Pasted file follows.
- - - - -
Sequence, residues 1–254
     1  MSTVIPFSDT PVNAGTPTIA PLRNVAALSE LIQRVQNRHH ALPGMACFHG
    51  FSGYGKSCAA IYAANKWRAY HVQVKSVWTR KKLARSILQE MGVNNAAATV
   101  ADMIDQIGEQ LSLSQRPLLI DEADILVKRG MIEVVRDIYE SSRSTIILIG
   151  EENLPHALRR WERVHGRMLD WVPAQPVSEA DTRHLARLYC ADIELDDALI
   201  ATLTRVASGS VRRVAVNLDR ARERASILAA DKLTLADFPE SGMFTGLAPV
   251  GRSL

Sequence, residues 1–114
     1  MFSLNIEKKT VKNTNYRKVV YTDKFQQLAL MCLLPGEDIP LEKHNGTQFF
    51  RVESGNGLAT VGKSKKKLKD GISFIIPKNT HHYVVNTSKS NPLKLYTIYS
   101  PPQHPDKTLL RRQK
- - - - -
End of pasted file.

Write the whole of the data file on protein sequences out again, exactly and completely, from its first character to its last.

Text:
Sequence, residues 1–254
     1  MSTVIPFSDT PVNAGTPTIA PLRNVAALSE LIQRVQNRHH ALPGMACFHG
    51  FSGYGKSCAA IYAANKWRAY HVQVKSVWTR KKLARSILQE MGVNNAAATV
   101  ADMIDQIGEQ LSLSQRPLLI DEADILVKRG MIEVVRDIYE SSRSTIILIG
   151  EENLPHALRR WERVHGRMLD WVPAQPVSEA DTRHLARLYC ADIELDDALI
   201  ATLTRVASGS VRRVAVNLDR ARERASILAA DKLTLADFPE SGMFTGLAPV
   251  GRSL

Sequence, residues 1–114
     1  MFSLNIEKKT VKNTNYRKVV YTDKFQQLAL MCLLPGEDIP LEKHNGTQFF
    51  RVESGNGLAT VGKSKKKLKD GISFIIPKNT HHYVVNTSKS NPLKLYTIYS
   101  PPQHPDKTLL RRQK